Thursday, July 12, 2012
The Preacher’s Corner
Americans put great stock in the power of words
This summer we’ve been having church upstairs and downstairs depending on how hot it is. Our AC works very nicely when it is below 95.
Otherwise there is too much hot air in the high ceiling of our upstairs church. Speaking of hot air, last Sunday we were delighted that it was about 20 degrees cooler, and decided at the last minute to go upstairs for church. I quickly gathered up all the things I had brought down to lead worship the previous week. Everything — that is — except the notes for my sermon.
I did not remember that I had forgotten my sermon notes until the very moment in the service when it was time to go to the pulpit. I could have preached without my notes, except that I had some nifty quotes written out that I would have hated to go without. I told my congregation the truth. I said that I had left my notes downstairs on the pulpit in the lower church. I said I was tempted to let them vote on whether to dispense with the sermon this week, but that I suspected the result would be deflating to my ego.
So, after obtaining the concurrence of our good organist, Mr. Hiltonsmith, I suggested we go ahead and receive the offering and while the deacons were doing that, I would go downstairs and get my papers. I felt so embarrassed and discombobulated! One thing is for sure: my sermon would have been much longer if I had not used my notes!
Preachers, like newspaper editors, make their living by words. As a result, we may put more confidence in the ability of words to make sense of life and offer direction to people than is wise. We Americans, with our Declaration of Independence and Constitution, put great stock in the power of words to order our civic lives. Many, if not most of us, also believe the Bible offers guidance on the great questions of life, spiritual and secular. The divergence of claims that the two parties are making in the upcoming election arise, different as they are, from appeals to various parts of our constitutional and biblical heritage. These diversities among sincere people should make us modest about the clarity of our own claims, but that is not the American way. But as a preacher and as a citizen I remain hopeful.
One thing is for sure. People (at least white people in North America and Europe) expect shorter sermons than ever before. That is a phenomenon of our times. In Africa or South America, “church” takes up most of the day. The arrival of “noon” in our country empties churches almost as if a tornado siren had sounded.
It has not always been so. In the nineteenth century, the Rev. Gideon Blackburn, a Presbyterian minister of Nashville, Tenn., once preached to a crowd of 1,500 in a graveyard for two hours while a constant rain fell.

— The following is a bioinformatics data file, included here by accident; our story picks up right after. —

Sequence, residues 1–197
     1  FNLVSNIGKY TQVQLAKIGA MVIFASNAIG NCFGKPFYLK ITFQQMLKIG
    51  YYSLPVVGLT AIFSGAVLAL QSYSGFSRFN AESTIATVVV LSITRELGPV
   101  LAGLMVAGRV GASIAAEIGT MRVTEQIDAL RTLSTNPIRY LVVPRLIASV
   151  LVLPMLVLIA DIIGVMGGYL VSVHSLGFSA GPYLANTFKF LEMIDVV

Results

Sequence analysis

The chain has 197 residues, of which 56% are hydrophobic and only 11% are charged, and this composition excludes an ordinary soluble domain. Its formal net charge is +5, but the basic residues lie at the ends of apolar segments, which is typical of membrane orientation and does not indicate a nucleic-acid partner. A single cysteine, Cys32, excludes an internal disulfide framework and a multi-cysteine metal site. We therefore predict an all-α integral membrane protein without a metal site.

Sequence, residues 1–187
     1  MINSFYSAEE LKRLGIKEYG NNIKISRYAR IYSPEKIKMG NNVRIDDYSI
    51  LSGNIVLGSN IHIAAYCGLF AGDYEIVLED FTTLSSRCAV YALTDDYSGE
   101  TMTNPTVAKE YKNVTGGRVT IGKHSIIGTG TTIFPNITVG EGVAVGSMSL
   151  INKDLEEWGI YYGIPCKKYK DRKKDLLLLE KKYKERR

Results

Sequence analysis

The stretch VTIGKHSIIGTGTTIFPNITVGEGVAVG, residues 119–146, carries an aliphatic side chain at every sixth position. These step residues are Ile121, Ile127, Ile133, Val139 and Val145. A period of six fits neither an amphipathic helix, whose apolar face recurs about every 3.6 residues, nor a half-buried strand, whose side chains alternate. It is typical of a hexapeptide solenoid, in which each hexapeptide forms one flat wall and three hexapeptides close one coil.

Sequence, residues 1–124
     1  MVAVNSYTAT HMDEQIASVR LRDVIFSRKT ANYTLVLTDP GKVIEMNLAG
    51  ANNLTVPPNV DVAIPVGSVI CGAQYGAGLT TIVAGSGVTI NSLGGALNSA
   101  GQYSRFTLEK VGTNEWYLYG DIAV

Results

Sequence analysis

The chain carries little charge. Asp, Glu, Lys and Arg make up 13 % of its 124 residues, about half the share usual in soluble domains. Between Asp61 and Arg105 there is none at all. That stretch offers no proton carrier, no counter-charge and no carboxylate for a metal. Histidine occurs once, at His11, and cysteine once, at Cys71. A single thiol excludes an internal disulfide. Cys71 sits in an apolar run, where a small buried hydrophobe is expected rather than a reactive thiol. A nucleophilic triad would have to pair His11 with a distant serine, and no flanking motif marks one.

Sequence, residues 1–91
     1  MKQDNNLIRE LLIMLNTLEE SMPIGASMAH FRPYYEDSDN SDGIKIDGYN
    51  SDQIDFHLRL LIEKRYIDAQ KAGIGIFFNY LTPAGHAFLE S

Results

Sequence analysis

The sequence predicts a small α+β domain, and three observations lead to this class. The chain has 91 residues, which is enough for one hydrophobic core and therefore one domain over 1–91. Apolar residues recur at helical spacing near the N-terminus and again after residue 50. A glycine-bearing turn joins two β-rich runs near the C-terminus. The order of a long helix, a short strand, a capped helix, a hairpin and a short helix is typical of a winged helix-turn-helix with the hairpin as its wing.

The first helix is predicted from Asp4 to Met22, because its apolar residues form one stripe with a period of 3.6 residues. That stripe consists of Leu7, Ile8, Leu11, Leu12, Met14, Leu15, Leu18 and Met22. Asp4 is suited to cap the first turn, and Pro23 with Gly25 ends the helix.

About 1820, Governor Carroll of Tennessee listened to Blackburn preach a sermon which lasted three and a half hours. The governor asked a companion how he stood a sermon of such length, and the companion replied that he could have listened until midnight!
Belle Strickland, of Holly Springs, in 1868, reported an evening service conducted by the Rev. Samuel Irwin Reid, a local schoolmaster, in which Reid preached until ten o’clock. She said, “I became very sleepy, and so did some others that were there.” In earlier times, Bishop Forbes, a bishop of the Church of England, is said to have preached for five hours.
Records of long sermons from the period contain no complaints about the length of sermons; rather, ministers were occasionally dismissed because their sermons were too brief. Sermons were news events, as any newspaper of the era will show, and as American frontier historian Walter Brownlow Posey remarks, “Having spent all week writing down every word of a sermon, the preacher had no aim to be hurried in the delivery of his discourse.”
Moreover, those who heard the preacher had taken trouble to attend his preaching and expected sufficient homiletic effort for their sacrifice to be there. By Posey’s account, preachers of the frontier period often spoke for two hours or more.
I suppose if you lived in isolation out in the country and had saddled a horse or hitched up a wagon and driven for miles and perhaps forded a stream or two just to go to church, you’d also want to spend some time with your friends and neighbors once you got there.
There is something to be said, though, for pithy communication. Twitter proves that, and the Sermon on the Mount takes only ten minutes to read aloud. We all remember what happened when Paul went on all night and poor Eutychus, sitting on a second-storey window-sill, went to sleep and fell to the ground. Paul worked a miracle and brought him back to life.
I’d be happy if a “miracle” happened next Sunday, and all my people stayed awake!
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